What if a bunch of students in Ann Arbor organized themselves into a Democracy Club and started grabbing all the public domain documents they can find on MBooks and uploading them to some site such as scribd.com or pacer.resource.org for recycling? If the docs are open (and we’re just talking “works of the government” which are clearly in the public domain), would you consider that a mis-use of your system and try and stop it or would that fall inside of the open side of the open continuum we’re all trying to mutually understand in this dialogue?

Hypothetically speaking, of course. I’m not advocating that students form a Democracy Club and crawl your site to recycle public domain materials, I’m just trying to understand if the restrictions on reuse are passive ones like obscuring how to download files or if these are active restraints where the library is involved in enforcing restrictions on access to public domain materials.

Again, I’m not at all suggesting that students interested in furthering the public domain form Democracy Clubs and start harvesting documents from the public taxpayer-financed web sites at UMich and re-injecting them into the public domain.
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April 26, 2008 7:13 pm
John Wilkin and others on Openness and its opposites | Au Courant on whole page :

[…] Kahle’s as “theoretical,” when John meant polemical.” John has a nice blog post on the on the subject, with responses and rejoinders from both Brewster and from Carl Malamud. The […]
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April 26, 2008 4:01 pm
jpwilkin on paragraph 2:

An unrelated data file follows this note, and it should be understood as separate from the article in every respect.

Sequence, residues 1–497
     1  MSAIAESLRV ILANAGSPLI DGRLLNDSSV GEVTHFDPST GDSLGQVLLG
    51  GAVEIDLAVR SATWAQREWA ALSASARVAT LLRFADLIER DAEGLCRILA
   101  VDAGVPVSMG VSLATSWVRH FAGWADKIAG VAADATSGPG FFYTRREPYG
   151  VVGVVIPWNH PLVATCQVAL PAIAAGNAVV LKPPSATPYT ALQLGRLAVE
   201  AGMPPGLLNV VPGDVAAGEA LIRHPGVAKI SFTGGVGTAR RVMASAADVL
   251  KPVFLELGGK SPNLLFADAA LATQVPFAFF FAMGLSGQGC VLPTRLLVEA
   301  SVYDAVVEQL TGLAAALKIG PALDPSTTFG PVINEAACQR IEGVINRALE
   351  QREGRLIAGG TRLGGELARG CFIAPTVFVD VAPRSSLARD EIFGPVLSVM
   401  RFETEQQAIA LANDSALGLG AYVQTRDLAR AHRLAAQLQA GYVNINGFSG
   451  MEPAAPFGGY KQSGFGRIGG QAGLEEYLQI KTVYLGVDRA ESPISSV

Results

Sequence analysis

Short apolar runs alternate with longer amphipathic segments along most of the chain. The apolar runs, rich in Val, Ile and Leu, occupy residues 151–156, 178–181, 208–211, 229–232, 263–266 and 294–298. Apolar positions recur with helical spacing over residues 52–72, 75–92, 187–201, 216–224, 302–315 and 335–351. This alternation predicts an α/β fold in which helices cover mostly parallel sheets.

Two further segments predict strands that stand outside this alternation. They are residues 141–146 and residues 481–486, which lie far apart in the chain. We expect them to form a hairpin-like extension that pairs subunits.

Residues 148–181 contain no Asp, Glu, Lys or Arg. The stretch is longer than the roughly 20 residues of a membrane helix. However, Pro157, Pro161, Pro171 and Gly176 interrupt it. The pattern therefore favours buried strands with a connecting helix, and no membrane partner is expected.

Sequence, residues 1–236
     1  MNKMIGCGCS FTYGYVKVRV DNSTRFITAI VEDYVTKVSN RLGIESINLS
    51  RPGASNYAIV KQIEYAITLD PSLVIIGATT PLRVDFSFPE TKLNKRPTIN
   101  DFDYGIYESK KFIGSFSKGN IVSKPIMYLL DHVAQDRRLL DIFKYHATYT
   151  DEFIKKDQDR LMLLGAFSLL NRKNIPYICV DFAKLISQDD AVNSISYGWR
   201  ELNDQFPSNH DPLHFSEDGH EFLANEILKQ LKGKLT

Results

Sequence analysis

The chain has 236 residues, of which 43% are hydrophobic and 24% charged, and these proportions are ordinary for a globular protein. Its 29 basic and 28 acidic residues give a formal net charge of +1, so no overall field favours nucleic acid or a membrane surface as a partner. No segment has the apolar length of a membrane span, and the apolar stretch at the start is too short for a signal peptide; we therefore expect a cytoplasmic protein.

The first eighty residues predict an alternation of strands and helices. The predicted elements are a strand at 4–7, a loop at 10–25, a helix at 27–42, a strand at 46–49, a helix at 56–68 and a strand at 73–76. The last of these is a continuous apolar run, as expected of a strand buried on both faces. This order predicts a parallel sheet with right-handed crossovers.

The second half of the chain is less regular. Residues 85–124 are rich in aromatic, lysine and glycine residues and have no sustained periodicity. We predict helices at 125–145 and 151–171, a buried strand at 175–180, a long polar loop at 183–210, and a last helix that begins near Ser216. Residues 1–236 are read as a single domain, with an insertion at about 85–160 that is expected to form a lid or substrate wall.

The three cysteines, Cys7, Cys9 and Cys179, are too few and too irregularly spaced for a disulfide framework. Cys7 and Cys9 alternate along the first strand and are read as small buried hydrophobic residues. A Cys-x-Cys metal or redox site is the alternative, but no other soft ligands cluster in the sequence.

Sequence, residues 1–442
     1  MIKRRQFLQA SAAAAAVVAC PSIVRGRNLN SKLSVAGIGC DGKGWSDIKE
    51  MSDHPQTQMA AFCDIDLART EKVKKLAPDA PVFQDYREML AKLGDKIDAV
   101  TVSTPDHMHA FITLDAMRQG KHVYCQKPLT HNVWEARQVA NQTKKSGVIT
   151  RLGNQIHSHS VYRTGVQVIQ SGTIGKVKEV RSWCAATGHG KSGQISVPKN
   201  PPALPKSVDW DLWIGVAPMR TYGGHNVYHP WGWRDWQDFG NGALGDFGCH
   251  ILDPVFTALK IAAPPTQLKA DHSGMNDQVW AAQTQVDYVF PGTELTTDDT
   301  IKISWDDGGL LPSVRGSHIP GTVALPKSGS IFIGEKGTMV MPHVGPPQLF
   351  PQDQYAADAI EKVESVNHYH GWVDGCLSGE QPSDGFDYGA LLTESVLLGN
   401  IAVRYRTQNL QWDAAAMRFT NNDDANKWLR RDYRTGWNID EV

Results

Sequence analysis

What if? If there really were that sort of interest, I’d hope that we’d have a chance to talk to the students and make sure they were aware of powerful options to make “in situ” use of the openly accessible government documents that they find in MBooks. I’d want to make sure they knew that in late June we’re releasing a “collection builder” application that will allow them to leverage our investment in permanent (did I say permanent?) curation of these materials so that the materials could be found and used after the current crop of students comes and goes, that the students could add to the body of works as more get digitized from our collection and the collections of other partner libraries (e.g., Wisconsin’s are coming in soon) and that we would want to hear what sorts of services (an RSS feed of newly added gov docs?) might aid them in their work. I’d want to talk to them about the issue of authority and quality, and would see if there were ways that their efforts could help improve the works in MBooks rather than dispersing the effort to copies in multiple places. And if they needed computational resources to do things like data mining, I’d let them know that we’re glad to help. But if none of this satisfied them, would we try to stop them? Assuming Google digitized the works, according to our agreement (4.4.1) we would make “reasonable efforts … to prevent [them] from … automated and systematic downloading” of the content, something we currently do and which does not undermine the ability of those same students to read, search and print the documents. Lots of openness there.